THE 34 Primates of the Anglican Communion who were meeting in Canterbury this week expressed their “great distress” at the loss of life in the deadliest gun attack in recent United States history.
At least 59 people died and more than 520 were injured after a gunman opened fire on crowds at a country music festival, “Route 91 Harvest”, in Las Vegas, Nevada, on Sunday night.
Witnesses reported seeing automatic rounds being fired from the 32nd floor of a hotel room across the Boulevard into the 22,000 people who were attending the final night of the three-day sell-out event. The country musician Jason Aldean was performing at the time of the shooting.
The Primates’ statement to the Bishop of Nevada, the Rt Revd Dan Edwards, was read out by the Presiding Bishop of the Episcopal Church in the US, the Most Revd Michael Curry, in a video posted online on Monday evening.
“We were greatly distressed to learn of the dreadful events in Las Vegas last night,” Bishop Curry said. “The scale of the loss of life and the numbers of injured is truly shocking. We are sending our deepest condolences to you and to the people of your diocese — in particular, the people of Las Vegas.
“We are praying for the families and friends of those who have died and for the many people who have been wounded. We remember, too, everyone else caught up in this tragedy — including the emergency services (first responders). We pray that the peace of the Lord Jesus Christ will be with the people of Las Vegas as they endure this trauma.”
The Primates asked Bishop Curry to lead prayers for the victims at the start of evensong in Canterbury Cathedral, on Monday evening.
More than 400 people had been transported to hospitals by Monday morning, Clark County officials estimated. The number dead exceeds that of the 49 who were shot and killed at the Pulse nightclub in Orlando last year (News, 17 June 2016).
PASolidarity: an electronic sign across the street from the Mandalay Bay Hotel
The suspect, named by police as Stephen Paddock, aged 64, a white male from Mesquite, Nevada, shot and killed himself in the Mandalay Bay hotel and casino, before a SWAT team used a controlled explosion to enter his room. He had no criminal record.
Bishop Edwards told the Episcopal News Service that the attack was “heartbreaking” for both victims and society. “Our societal embrace of violence as a response to any form of unhappiness is a very serious spiritual concern. The churches have the primary responsibility for converting America away from the veneration of violence back to the prince of peace.”
Police reported finding at least 47 weapons, including a semi-automatic rifle, in a search of the room, and Paddock’s home in Mesquite. He had also set up cameras around the hotel room.
A woman, Marilou Danley, 62, believed to have been the girlfriend of the suspect, was named as a person of interest. Reports suggest that she was abroad at the time of the shooting, and will be questioned on her return to the US. It has also been reported that Paddock transferred $100,000 to an account in the Philippines before the attack.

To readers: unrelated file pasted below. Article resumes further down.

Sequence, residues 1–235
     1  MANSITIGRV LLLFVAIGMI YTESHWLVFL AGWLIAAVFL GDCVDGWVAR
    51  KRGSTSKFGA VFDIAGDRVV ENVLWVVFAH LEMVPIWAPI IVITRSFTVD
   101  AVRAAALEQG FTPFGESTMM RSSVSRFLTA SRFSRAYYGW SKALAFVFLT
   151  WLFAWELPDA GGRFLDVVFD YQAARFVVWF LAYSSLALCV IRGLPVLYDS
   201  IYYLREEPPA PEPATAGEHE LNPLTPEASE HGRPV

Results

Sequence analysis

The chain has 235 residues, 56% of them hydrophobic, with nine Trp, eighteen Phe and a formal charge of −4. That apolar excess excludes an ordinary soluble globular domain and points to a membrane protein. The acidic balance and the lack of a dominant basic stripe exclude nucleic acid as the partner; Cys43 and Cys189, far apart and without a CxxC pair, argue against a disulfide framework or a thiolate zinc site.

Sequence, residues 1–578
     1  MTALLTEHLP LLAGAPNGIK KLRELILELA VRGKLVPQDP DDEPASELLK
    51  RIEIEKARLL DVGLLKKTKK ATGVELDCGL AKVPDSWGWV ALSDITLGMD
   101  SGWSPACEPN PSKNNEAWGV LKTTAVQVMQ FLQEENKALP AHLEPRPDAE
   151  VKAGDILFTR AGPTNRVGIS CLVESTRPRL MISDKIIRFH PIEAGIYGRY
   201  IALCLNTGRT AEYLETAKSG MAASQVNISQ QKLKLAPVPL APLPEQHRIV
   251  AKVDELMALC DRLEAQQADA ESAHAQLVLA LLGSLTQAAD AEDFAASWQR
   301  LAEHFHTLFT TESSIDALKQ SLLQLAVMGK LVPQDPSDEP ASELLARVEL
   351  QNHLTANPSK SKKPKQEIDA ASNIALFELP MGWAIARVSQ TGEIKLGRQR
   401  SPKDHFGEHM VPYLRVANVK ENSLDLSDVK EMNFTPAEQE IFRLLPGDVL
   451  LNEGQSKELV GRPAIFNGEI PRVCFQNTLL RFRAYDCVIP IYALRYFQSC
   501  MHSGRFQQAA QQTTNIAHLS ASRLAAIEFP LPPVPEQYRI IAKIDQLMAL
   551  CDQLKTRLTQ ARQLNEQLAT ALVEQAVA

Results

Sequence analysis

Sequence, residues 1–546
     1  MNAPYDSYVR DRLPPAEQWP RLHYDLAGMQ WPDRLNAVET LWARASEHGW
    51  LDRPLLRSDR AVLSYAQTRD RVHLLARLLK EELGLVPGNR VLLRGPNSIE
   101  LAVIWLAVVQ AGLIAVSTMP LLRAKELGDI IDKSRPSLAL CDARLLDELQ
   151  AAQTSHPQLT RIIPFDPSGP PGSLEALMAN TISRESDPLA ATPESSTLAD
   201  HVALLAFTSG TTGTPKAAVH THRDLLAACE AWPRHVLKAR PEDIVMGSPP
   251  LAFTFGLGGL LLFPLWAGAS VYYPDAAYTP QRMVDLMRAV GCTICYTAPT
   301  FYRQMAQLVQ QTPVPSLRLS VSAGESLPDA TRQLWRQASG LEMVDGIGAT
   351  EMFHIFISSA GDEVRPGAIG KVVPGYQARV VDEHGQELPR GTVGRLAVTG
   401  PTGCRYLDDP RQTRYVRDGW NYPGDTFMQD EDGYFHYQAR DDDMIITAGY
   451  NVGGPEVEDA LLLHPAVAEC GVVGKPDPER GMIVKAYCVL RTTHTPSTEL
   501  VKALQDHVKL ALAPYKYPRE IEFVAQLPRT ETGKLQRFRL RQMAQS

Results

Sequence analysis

The motive for the attack remained unclear on Wednesday, as the Church Times went to press, although the county sheriff, Joe Lombardo, said: “This person may have radicalised, unbeknownst to us, and we want to identify that source.”
President Trump said in a tele-vision statement that the attack was “an act of pure evil”, and that he was praying for the victims and their families.
On Tuesday morning, the Prime Minister told LBC radio that there were no known British victims, although many attended the festival and would have witnessed the attack. Regarding US gun laws, Mrs May said: “America has a different approach to guns. It’s up to them to see what they will do now, but I think most people in the UK will say: ‘If you look at what’s happened here, surely they will want to do something.’”
Bishops United Against Gun Violence, a group of more than 70 bishops of the US Episcopal Church, called for an end to civilian weaponry. “It has become clichéd at moments such as these to offer thoughts and prayers. But as Christians, we must reflect upon the mass killings that unfold with such regularity in our country,” their statement said.
“And then, having looked, we must act. As Christians, we are called to engage in the debates that shape how Americans live and die, especially when they die due to violence or neglect. Yet a probing conversation on issues of gun violence continues to elude us as a nation, and this failure is cause for repentance and for shame. It is entirely reasonable in the wake of mass killings perpetrated by murderers with assault weapons to ask lawmakers to remove such weapons from civilian hands.”
PAVigilant: emergency services’ vehicles in Las Vegas, on Monday evening
The World Council of Churches (WCC) and the National Council of Churches of Christ in the USA condemned the “senseless and brutal” violence. “Any violence destroys human lives, but nobody is born to be violent,” the General Secretary of the WCC, the Revd Dr Olav Fykse Tveit, said. “This tragedy calls for empathy and prayers, but also more efforts to build quality of relations of justice and peace.”
Pope Francis expressed his “spiritual closeness” to the victims. In a telegram sent to the RC Bishop of Las Vegas, the Most Revd Joseph A. Pepe, on behalf of the Pope, the Vatican Secretary of State, Cardinal Pietro Parolin, wrote: “Deeply saddened to learn of the shooting in Las Vegas, Pope Francis sends the assurance of his spiritual closeness to all those affected by this senseless tragedy.”
A service of prayer was held at Christ Church, the Episcopal church closest to the scene of the attack, on Tuesday evening. Meanwhile, Episcopal churches across the country tolled bells simultaneously in memory of the victims.